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6 Things in Your Old House That Need Replacing ASAP

Moving into an old house is often a risky move. Given the fifty or so years since it was built, the house will have gone through a lot of wear and tear by now. And even with proper maintenance, there are some things inside an old home that need to be replaced at some point.

You might not be willing to give up the antique chandelier in the foyer or the mid-century countertops in the kitchen, and that’s okay. But for other things in an old home, replacing them is a matter of necessity for the sake of safety, hygiene, and comfort.

That said, here are some of the things that you may need to replace in your old home as soon as possible:

1. Windows

Windows from fifty years ago were not built to be energy-efficient. Hence, if you want to increase the energy efficiency in your house and keep your electricity expenses to a minimum, replacing your old windows with modern glass windows is an excellent way to do so. Moreover, the changes in your windows’ appearance will be subtle, and unless you like years’ worth of dirt in the corners of the panes, you won’t mind getting the old windows replaced.

2. Appliances

Is the kitchen still equipped with the appliances that the first owners bought? Does the house come with a boiler that’s more than fifty years old? Did you never bother to replace the ancient-looking washer and dryer in the basement?

All appliances become less and less efficient over time, which means the older they are, the more energy they use to function properly. Furthermore, older appliances are more prone to breaking, causing leaks, and starting a fire. And if your old house is primarily made of wood, water damage or a fire can mean serious damage and a huge repair bill in your hands.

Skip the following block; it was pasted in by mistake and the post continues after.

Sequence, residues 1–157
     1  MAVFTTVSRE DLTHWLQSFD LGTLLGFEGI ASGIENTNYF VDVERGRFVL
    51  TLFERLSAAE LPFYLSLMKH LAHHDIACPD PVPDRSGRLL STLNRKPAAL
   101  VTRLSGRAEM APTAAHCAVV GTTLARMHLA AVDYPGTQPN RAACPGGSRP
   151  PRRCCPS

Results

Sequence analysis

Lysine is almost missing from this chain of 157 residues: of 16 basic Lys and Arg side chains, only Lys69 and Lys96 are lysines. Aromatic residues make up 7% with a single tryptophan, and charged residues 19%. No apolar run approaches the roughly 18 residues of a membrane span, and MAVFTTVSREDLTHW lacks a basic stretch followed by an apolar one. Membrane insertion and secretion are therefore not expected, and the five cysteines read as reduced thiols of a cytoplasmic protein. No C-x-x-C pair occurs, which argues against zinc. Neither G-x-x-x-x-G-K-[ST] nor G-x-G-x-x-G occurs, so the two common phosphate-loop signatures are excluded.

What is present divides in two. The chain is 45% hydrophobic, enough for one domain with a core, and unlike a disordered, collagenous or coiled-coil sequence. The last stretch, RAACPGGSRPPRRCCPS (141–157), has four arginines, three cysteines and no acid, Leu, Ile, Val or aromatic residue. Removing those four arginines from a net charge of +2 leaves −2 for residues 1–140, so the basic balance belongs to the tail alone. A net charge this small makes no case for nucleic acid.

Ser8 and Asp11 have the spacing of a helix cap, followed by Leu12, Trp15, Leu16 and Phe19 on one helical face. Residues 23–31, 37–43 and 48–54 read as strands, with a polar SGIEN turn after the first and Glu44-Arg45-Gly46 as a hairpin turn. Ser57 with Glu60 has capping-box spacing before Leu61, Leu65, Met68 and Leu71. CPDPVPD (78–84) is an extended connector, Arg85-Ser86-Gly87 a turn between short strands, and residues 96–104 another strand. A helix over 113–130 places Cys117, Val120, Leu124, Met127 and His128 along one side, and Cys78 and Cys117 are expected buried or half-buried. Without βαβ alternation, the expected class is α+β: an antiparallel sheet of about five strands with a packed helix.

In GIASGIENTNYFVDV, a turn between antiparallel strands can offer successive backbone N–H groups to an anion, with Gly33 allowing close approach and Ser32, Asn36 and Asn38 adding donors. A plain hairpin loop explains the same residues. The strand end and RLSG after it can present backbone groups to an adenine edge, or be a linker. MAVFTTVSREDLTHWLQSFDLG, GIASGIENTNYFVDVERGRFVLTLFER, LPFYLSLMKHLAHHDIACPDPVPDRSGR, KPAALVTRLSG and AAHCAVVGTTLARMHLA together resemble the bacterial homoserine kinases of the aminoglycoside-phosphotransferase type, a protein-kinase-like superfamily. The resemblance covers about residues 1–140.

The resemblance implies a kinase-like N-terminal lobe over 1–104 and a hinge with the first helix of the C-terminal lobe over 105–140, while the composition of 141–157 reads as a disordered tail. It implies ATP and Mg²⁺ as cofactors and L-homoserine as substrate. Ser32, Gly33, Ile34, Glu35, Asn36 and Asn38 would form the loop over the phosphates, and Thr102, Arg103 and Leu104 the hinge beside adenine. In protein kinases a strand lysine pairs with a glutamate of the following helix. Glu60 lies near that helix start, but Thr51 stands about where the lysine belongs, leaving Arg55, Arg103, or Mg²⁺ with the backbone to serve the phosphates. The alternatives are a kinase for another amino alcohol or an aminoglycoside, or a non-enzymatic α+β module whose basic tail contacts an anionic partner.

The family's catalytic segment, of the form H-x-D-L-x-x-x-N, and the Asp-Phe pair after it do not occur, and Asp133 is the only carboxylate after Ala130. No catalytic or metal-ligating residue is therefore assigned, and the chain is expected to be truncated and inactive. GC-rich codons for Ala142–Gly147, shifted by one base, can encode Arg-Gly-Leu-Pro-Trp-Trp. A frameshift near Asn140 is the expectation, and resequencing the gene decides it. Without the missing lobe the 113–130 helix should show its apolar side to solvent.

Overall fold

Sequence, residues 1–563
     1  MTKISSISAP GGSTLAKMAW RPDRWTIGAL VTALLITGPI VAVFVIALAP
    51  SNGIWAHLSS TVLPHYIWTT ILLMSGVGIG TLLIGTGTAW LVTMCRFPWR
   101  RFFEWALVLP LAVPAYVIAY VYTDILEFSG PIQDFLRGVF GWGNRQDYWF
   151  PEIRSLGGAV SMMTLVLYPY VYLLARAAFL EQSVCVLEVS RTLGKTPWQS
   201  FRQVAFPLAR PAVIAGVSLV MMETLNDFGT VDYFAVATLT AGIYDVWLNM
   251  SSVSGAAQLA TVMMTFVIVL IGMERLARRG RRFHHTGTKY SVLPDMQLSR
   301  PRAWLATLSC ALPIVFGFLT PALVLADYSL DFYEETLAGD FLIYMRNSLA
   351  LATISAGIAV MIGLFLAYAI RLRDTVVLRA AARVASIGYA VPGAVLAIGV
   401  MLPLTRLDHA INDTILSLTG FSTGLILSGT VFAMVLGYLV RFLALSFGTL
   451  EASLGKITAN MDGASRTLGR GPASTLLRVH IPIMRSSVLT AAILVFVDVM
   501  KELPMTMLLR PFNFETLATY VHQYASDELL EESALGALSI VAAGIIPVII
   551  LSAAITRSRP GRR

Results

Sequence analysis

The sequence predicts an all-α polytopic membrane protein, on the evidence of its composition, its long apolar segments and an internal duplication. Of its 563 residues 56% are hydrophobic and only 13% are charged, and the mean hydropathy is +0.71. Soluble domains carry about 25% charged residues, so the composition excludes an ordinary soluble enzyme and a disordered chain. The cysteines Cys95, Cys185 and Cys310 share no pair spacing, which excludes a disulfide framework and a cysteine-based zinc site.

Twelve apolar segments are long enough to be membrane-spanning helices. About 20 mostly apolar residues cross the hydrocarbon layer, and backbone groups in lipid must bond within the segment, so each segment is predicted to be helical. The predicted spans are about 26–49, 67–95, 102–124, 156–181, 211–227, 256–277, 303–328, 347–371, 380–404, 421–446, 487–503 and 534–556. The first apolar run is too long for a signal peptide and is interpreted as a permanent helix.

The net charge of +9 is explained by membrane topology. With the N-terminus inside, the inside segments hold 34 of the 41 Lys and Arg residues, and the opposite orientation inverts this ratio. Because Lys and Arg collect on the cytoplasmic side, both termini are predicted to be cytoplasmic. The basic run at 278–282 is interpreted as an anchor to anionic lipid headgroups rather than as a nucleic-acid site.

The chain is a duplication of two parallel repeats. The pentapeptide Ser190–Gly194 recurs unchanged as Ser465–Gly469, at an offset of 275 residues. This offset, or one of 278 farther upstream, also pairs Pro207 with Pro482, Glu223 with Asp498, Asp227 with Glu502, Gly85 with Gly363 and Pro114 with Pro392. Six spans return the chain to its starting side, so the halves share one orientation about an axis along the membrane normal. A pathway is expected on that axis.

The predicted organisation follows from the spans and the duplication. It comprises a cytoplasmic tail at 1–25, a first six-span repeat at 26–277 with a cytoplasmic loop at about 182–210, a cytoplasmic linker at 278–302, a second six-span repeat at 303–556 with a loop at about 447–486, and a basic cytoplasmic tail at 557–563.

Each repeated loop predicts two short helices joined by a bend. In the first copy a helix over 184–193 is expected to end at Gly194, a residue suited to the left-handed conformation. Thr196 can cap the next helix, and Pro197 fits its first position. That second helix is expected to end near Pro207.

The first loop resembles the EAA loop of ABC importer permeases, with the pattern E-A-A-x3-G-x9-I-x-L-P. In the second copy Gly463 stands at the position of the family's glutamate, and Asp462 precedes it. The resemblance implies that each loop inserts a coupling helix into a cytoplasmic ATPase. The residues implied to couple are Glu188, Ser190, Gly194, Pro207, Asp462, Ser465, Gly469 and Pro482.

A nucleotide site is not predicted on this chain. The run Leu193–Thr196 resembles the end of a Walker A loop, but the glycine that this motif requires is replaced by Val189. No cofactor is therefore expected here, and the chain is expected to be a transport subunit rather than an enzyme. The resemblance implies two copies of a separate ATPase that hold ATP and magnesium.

With that in mind, replace your old appliances with new ones that come with ENERGY STAR labels. Appliances that are energy-efficient will not only keep your power bills down but will also reduce the chances of unexpected breakdowns.

3. Electrics

Old electrics can pose a fire hazard in the house, and these include outdated fuse boxes, light switches, and electrical outlets. A home inspection will usually tell you if the electrical system in the house is unsafe or not, which is why getting one done is especially important before you make an offer. But if you’ve already bought the house and haven’t gotten around to fixing up the electrics, now is the best time to do so before an electrical fire starts.

person wearing protective equipment

4. Anything with lead or asbestos

Before people knew the harmful effect of these materials, they built their homes with lead in the paint and asbestos in their ceilings. Hence, getting a century-old home tested for these hazards is imperative before you buy a home or live in it. If the contractors find anything that contains lead or asbestos in the home, you have to replace them immediately before living there.

However, this means that you’d have to give up some of the historic or vintage vibes since you’d have to replace everything with hazardous material, but it’s all for the sake of safety.

5. Lead or corroded pipes

Lead pipes were common in houses built in the earlier half of the 20th century, but homeowners started replacing them in the 1960s with pipes made from galvanized steel. Lead pipes are hazardous due to their lead content that can leak into the water, but galvanized steel pipes tended to corrode and rust, making the water discolored and unpleasant. That said, if the plumbing in your house is made from either of these materials, have them replaced with safer options like copper, PVC, or PE.

If you are unsure of the type of pipes present in your old house or if you want to ensure that no lead or galvanized steel components are left in the system, hire a plumber to inspect your entire plumbing network.

6. The roof

Roofs back then were made to last more than fifty years. Some roofing materials can even last up to a hundred. However, by the time that you buy the house, you will probably need to install a new roof sooner or later. Despite it being costly, you can expect the new roofing material to last for another lifetime.

Before you buy an old house, you should be prepared for the repairs and replacements that you would likely have to make. These are the most common things that you have to replace in a home that’s more than forty or fifty years old. And even though replacements can be expensive, they can definitely help make your house last for another fifty years.

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